Does Depression Go Away on Its Own With Time?

Many people with clinical depression wonder if their symptoms will go away on their own with time. The old adage "time heals all wounds" may have some truth behind it, but it's no cure for depression. This serious illness brings on feelings of hopelessness and helplessness which interfere with every aspect of a person's life including work, productivity, and relationships—and it cannot be "willed away" or "waited out."

If you have a true depression, you need to get proper treatment in order to get better. You should not suffer needlessly when depression is a highly treatable illness. In fact, 80 percent of people who get treatment feel better. Treatment usually includes medication, therapy, or a combination of the two.

Understanding Major Depressive Disorder

Major depressive disorder is a chronic condition that can ebb and flow throughout a person's lifetime. While it is possible that an individual episode of depression may go away on its own without treatment, there is no guarantee that things won't get worse before they get better. This is why prompt treatment at the first signs of the illness, with continued maintenance treatment in order to prevent relapse, is the best course of action to take.

The American Psychiatric Association recommends that for your first episode of depression, you should continue to take your medication for about four to five months after your symptoms go into remission. If it's a repeat episode, then this recommendation gets bumped up to an even longer length of time, with some people being advised to remain on medication indefinitely.

Why Treating Depression Is Key

While many medications, such as antibiotics, actually cure the illnesses they are designed to treat, antidepressants do not cure depression. They only correct the underlying chemical imbalance for as long as a person is taking them. Even though a particular episode of depression might pass, this does not mean that a person's depression has been cured. The underlying vulnerability is always there, waiting to be triggered by the right set of circumstances.

Untreated depression can be extremely debilitating to an individual, interfering with every part of life. In addition, severe depression can potentially lead to suicide if it does not receive immediate attention.

Although depression has been most strongly linked to heart disease, research indicates that it may also be linked to other illnesses, such as obesity, diabetes, Alzheimer's disease, and cancer. In the case of heart disease and diabetes, it appears that having depression increases a person's risk for acquiring these illnesses. Having depression can make it more difficult to treat other medical illnesses because the lack of motivation and energy associated with depression make it more difficult for patients to comply with their treatment regimens.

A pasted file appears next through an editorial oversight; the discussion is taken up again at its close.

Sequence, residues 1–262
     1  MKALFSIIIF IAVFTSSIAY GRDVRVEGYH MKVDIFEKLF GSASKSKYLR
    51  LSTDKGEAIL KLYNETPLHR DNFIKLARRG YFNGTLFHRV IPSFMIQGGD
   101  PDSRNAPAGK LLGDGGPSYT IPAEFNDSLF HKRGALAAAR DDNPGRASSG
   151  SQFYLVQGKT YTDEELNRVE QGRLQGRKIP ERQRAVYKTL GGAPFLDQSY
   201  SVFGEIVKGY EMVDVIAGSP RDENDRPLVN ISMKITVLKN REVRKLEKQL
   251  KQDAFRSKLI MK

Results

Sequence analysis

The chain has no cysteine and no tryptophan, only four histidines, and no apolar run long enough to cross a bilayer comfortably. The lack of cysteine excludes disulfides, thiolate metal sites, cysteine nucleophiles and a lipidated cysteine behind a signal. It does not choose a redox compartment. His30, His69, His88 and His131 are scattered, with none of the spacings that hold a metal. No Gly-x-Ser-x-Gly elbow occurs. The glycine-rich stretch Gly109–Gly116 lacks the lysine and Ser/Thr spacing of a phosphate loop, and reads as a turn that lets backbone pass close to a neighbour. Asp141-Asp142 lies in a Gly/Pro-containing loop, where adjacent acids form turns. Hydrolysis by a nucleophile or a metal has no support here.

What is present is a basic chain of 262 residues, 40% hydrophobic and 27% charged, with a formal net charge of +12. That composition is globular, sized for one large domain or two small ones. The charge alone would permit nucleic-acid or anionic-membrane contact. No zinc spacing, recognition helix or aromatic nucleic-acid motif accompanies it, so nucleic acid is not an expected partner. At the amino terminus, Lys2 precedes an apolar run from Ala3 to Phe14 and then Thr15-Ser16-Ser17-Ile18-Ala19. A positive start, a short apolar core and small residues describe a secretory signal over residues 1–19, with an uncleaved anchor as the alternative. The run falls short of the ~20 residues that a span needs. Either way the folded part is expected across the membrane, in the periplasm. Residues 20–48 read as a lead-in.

Effective Treatments Are Available

Depression is quite treatable so there is no need to "buck up" and suffer through an episode. While it might seem heroic to tough it out, it is not necessary and in fact, it is dangerous to your health. That said, self-care, such as sleeping well, eating well, and not abusing alcohol or drugs to cope can absolutely help you feel better faster. Many people with depression, however, understandably struggle with self-care during episodes.

Getting treated could shorten the length and severity of the episode. Antidepressants can start to relieve the symptoms of depression in as little as two to four weeks before the illness has time to linger and possibly grow worse.


Depression tends to be recurrent. Statistics indicate that a person who has had one episode of depression has a 50 percent risk of having another one. As a person has more episodes, this risk rises, with a person having a 70 percent risk of another episode after they've had the second one and a 90 percent risk if they've had three or more episodes.

A Word From Verywell

While it's not impossible that a particular episode depression will go away on its own if given enough time, there are some very compelling and important reasons why a person should not hesitate to get professional help. Timely and adequate treatment should always be the goal when someone presents with symptoms of depression.

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Article Sources
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  • "Maintenance Medications for Depression." WedMD Medical Reference.WebMD, LLC.

  • Mental Health America. Co-Occurring Disorders And Depression.

  • Tartakovsky, Margarita. "Top Relapse Triggers for Depression and How to Prevent Them."  Psych Central.  Psych Central.